- Digital Rights and Responsibilities
- Digital Health and Wellness
- Digital Security
The infographic uses the above themes and then puts them into a classroom context. It offers some direction for teachers who are working with students on particular tasks. It helps to map out what areas will be covered when students are asked to undertake each digital activity. It really goes without saying really that teachers must also show their students what’s expected of them. The themes need to be discussed with students when needed, allowing them to ask questions and explore ideas in a real situation. The final point that teachers, and all responsible adults really, need to model good digital citizenship themselves if they want young people to take these ideas on board I can’t agree with more completely. I have found with all things that if you say one thing but do another, you students will not take you or your message seriously.
Whilst many of the themes can recur in more than one context, Nancy has matched the most likely themes with the appropriate context:
- Read: digital literacy and digital access
- Watch: digital health and wellness and digital literacy
- Find: digital access and digital literacy
- Record: digital etiquette, digital rights and responsibilities also leading on to discussions about digital footprints and cyberbullying
- Curate: digital law and digital literacy
- Connect: digital communication and digital safety and security
- Collaborate: digital etiquette and digital communication
- Create: digital rights and responsibilities and digital commerce
- Write: digital communication and digital law
Filed under: Education | Tagged: digital citizenship, educational technology, teaching | Leave a comment »
Posted on November 15, 2013 by Rhondda
The following infographic is worth a look and it is only a snapshot it could lead on to more discussions about what the data actually means to particular situations.
The Menco company has developed in China and seems to be interested in many aspects of education. The people involved who are listed have interesting educational histories. Their rationale:
We asked over 100 European and North American teachers to rate their interest in today’s Educational Technology trends. With the coming launch of menco.io, you’ll be able to explore these trends and more, and discuss how they will shape the culture of learning around the globe.
So what results did they get from these teachers? Of course interest doesn’t give any specifics nor detail about what they are doing. Does interest lead to action? And I would say it is today’s education, not the education of tomorrow.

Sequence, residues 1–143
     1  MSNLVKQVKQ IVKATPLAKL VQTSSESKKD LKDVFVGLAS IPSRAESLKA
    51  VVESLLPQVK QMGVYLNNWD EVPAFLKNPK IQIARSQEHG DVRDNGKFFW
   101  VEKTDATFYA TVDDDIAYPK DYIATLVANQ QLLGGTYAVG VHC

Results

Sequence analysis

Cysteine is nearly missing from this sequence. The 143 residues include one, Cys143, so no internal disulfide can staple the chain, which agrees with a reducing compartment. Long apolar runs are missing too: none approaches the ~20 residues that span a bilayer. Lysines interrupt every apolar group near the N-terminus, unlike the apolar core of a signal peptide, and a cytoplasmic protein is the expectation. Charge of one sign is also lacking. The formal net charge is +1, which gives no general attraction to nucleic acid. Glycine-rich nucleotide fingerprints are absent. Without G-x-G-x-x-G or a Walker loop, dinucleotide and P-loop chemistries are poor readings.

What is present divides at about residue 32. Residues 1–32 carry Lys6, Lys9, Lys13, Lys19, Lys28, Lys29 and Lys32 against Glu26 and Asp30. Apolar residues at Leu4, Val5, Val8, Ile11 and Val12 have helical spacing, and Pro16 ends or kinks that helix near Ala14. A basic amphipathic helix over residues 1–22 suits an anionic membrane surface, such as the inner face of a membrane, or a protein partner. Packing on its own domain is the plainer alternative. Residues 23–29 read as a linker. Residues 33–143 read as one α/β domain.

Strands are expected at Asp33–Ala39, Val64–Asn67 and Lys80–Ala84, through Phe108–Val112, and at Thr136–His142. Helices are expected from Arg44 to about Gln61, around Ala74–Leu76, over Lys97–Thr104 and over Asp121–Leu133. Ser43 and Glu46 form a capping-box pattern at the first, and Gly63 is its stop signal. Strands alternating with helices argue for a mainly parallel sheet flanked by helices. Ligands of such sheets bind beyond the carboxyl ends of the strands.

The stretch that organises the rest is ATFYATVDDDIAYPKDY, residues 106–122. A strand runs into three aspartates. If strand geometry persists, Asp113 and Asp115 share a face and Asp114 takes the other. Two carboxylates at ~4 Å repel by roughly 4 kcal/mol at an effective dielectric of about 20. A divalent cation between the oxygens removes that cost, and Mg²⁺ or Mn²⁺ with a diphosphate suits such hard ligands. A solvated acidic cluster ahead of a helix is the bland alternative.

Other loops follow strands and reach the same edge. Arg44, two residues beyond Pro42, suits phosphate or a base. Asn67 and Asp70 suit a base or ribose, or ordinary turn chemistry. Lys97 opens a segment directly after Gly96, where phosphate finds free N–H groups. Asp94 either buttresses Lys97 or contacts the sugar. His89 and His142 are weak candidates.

What information is the infographic giving us?
- Web-based Tools For Education – 90.9% of teachers are very interested or interested and another 8.1% are somewhat interested this. Only 1% are not interested or only might be interested.
- Online Educational Resources – 94.1% teachers are very interested, interested, or somewhat interested, only 1% not interested or might be interested
- Digital Literacy – 95% are very interested, interested, or somewhat interested, 4% might be interested, 1% not interested. This is the field I am the most interested in and one that many of those working in school libraries have been most involved in.
- Personal Learning Networks – 96% are very interested, interested, or somewhat interested, 3% might be interested, 1% not interested. This would be an area that i would like some further discussion about. Are the teachers building their PLNs and/or are they educating their students about how to best utilize these opportunities for educational purposes.
- Blended Learning – 96.9% are very interested, interested, or somewhat interested, 2.1% might be interested, 1% not interested.
- Social Media In Education – 96% are very interested, interested, or somewhat interested, 2% might be interested, 2% not interested. An area that seems to be in constant change with many new things being developed all the time.
- E-Moderation – 91.9% are very interested, interested, or somewhat interested, 1% might be interested and 6.9% not interested. I need to better understand this area and have only read a few pieces about it.
- Mobile Learning – 91% are very interested, interested, or somewhat interested, 2% might be interested, 7% not interested. further discussion about what individuals and their schools are doing about m-learning opportunities and if they are going down the BYOD pathway would be an interesting follow-up.
- Digital Games In Education – 85.9% are very interested, interested, or somewhat interested, 9.9% might be interested and 4% not interested.
- Interactive Whiteboards – Although overall 81.3% are very interested, interested, or somewhat interested there does seem to be a move away from this form of technology as 27.7 only might be interested, 12.9% might be interested and 15.8% not interested.
I am often looking at research or data collected about technology uses in schools or educational fields. Most of the things I find are from the US or to a lesser extent UK or Europe. China has increasing the links between our two countries. Why are Australian teachers not being surveyed? Who in Australia is trying to gather this type of information? If someone is collecting data, why are we not seeing it shared?
Filed under: Education, Research, Uncategorized | Tagged: educational technology, infographic, teaching, trends | 1 Comment »
Posted on May 14, 2013 by Rhondda
I like to follow a lot of the TEDtalks. They are often thought-provoking and frequently challenging.
Yesterday, when I checked, I found that one of my favourite speakers, Sir Ken Robinson , has done another talk for them. He is again champions a radical rethink of our school systems. Although not talking specifically about the Australian system, it is easy to apply his logic here. Watch the video and then answer his challenge: How do we get out of the educational “death valley” we now face? How do we nurture our students, teaching them to value and cultivate creativity and acknowledge multiple types of intelligences.
Sir Ken Robinson outlines 3 principles crucial for the human mind to flourish — and how current education culture works against them. In a funny, stirring talk he tells us how to get out of the educational “death valley” we now face, and how to nurture our youngest generations with a climate of possibility.
Filed under: Education, Video | Tagged: diversity, learning, Sir Ken Robinson, teaching, TEDTalks, testing | Leave a comment »